November 23, 2011
For a striking example of what One-Woman-Power can accomplish, come to Formosa and see Lillian Dickson in action! Condensed from Christian Herald
by Clarence W. Hall
A few years ago the Board of Foreign Missions of the Presbyterian Church in Canada heard curious reports about the wife of one of its ablest missionaries on Formosa. Lillian Dickson, whose husband is Dr. James Dickson, principal of Taiwan Theological College, had been going about the island cutting official red tape, snatching boys from prison and girls from parents who were selling their daughter into prostitution. She was also reported to be traipsing off into primitive regions to visit aborigines who are only a step removed from headhunting. And she spent much time rehabilitating victims of Hansen’s disease, and establishing orphanages and churches all over the island.
It was not that the Board disapproved of such a spate of good works. It was simply that they were being performed by the wife of one of the Board’s missionaries — without the Board’s approval, guidance or support.
Queried about her activities, Lil Dickson drew herself up to her full five-foot-minus height, pleaded guilty to wanton compassion. “But what would you do,” she demanded, her blue eyes flashing, “if God pushed you as He’s pushing me?”
Board members closed the fractured rule book and agreed: “What a woman!”
Formosans call her the “littlest lady with the biggest heart.” Says Hollington K. Tong, former Nationalist Chinese ambassador to the United States, “Christianity’s leaping growth in Taiwan, tenfold since 1945, is largely due to the tireless woman who can’t say no to human need.”
Lillian Dickson had not planned to be a missionary. Daughter of a flour-and-feed-mill operator in Prior Lake, Minn., she looked forward to a newspaper career. Then, at Minnesota’s Macalester College, she fell in love with a classmate, and ex-cowboy from South Dakota named Jim Dickson, who wanted to be a minister. By 1927, following Jim’s graduation from Princeton Theological Seminary, the Dicksons were on their way to Formosa. Save for brief furloughs and the World War II years, they have been there ever since. For 19 years Lillian Dickson played the role of “proper” missionary wife — tending her home, raising her two children.
The Japanese, who had held Formosa since 1895, permitted missionaries to conduct schools and hospitals, but they frowned on attempts to convert the people to Christianity. Completely closed to missionaries were Formosa’s mysterious mountains, ranging up to 14,000 feet, where lived some 150,000 fiercely independent aborigines of obscure origin.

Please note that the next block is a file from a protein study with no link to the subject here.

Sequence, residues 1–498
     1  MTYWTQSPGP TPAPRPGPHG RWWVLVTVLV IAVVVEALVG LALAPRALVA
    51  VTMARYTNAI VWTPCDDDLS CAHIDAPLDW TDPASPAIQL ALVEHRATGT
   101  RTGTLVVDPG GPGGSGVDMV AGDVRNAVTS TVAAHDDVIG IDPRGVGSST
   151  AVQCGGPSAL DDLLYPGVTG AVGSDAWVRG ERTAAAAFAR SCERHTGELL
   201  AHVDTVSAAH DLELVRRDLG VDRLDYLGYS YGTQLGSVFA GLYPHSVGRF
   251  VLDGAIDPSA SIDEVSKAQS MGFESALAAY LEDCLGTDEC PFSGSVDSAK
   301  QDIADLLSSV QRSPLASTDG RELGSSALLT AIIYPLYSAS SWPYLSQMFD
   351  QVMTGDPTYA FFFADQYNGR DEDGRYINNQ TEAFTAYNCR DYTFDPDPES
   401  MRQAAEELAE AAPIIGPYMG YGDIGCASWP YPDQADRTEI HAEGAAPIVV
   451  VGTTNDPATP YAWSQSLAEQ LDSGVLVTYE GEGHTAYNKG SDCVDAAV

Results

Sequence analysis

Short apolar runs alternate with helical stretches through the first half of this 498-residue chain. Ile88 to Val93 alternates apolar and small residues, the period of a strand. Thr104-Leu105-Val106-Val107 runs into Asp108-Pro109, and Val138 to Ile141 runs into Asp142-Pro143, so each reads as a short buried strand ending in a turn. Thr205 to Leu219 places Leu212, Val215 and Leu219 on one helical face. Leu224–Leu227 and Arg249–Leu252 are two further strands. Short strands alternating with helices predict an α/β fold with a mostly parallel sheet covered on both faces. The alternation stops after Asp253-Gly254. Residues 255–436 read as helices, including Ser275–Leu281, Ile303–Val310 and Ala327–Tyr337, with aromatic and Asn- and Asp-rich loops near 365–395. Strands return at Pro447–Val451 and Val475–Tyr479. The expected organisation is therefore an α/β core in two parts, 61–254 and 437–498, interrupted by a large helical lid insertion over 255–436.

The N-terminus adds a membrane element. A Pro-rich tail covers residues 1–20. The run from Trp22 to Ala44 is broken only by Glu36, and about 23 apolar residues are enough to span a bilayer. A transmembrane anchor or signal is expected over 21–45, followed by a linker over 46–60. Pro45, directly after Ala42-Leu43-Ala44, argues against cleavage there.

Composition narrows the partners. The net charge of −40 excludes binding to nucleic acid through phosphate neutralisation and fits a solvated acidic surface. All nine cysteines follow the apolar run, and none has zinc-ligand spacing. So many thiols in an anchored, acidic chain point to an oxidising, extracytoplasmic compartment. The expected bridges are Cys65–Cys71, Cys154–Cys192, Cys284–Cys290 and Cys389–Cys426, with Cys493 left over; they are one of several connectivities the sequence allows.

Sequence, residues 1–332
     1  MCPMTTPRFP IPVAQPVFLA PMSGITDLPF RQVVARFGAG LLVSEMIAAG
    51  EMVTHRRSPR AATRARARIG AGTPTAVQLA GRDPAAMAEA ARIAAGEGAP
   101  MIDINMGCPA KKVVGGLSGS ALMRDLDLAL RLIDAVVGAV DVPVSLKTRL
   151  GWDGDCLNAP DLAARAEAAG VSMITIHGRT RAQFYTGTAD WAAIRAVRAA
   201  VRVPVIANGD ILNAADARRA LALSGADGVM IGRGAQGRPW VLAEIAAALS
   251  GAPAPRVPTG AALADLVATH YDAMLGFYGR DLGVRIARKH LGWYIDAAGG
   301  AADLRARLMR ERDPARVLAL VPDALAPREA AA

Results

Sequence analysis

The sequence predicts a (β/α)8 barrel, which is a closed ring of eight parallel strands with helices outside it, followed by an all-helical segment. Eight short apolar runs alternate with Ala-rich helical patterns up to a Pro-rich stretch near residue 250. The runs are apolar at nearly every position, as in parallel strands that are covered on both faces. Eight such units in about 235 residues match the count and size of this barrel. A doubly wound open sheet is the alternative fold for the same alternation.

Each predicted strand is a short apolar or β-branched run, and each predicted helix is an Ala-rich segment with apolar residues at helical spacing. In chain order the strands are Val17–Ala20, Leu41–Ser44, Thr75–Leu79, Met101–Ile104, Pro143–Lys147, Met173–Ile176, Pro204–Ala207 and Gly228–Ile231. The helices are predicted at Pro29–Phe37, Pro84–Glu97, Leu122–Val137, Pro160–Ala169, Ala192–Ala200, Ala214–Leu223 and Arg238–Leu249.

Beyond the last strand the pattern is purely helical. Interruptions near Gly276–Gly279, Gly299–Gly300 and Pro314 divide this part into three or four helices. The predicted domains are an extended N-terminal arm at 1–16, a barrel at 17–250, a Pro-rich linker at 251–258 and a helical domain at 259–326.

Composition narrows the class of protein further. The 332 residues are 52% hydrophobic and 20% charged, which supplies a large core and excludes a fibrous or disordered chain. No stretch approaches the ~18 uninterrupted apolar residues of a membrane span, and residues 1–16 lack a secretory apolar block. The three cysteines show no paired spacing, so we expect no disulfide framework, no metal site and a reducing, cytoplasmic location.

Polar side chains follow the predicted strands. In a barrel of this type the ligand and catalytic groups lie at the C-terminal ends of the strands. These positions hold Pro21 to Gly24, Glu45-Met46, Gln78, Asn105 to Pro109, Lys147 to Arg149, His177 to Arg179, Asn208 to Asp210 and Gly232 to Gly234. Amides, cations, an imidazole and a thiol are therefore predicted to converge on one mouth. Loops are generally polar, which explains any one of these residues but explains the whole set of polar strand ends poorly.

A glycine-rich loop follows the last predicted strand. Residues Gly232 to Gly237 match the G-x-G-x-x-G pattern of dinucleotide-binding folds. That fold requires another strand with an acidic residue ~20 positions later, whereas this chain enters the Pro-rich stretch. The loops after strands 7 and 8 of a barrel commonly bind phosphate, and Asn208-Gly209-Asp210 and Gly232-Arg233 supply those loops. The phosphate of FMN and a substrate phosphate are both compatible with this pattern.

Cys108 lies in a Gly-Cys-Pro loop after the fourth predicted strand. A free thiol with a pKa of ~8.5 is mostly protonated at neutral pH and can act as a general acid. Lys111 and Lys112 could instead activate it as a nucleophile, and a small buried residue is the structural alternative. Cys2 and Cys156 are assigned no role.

Especially savage was the heavily tattooed Tyal tribe, 35,000 strong, who occupied the peaks and gorges of north-central Formosa. Japanese police, unable to curb their headhunting, resorted to ringing the mountain bases with electrified barbed wire. Even so, some Tyals slipped through; a few came into contact with Christian missions and were converted. One such convert was a 58-year-old Tyal woman named Chi-oang, whom Dickson met on a tour of coastal mission stations and persuaded to take a two-year Bible course at a school he had set up in Tumasi.
It was not until after World War II, when the Dicksons hastened back to Formosa, that they discovered how well Chi-oang had used her new faith. Led by Chi-oang, an underground Christian movement had swept through the mountains, resulting in more than 4000 converts. The Japanese had put a price on Chi-oang’s head, burned hymnbooks and Bibles, and beaten and threatened tribesmen who had become Christians. But her converts had remained faithful even in the face of death.
Now, with the war over, Formosan pastors told the Dicksons, hundreds of aborigines were coming down from the hills, knocking at the doors of their churches, asking for Bibles and baptism.
When Jim Dickson announced that he must go and see for himself what had happened, Lil begged to go along. Together they penetrated the formerly forbidden territory, found Chi-oang’s trail everywhere: in whole villages turned Christian, in little bamboo churches being built and in people eagerly seeking further instruction.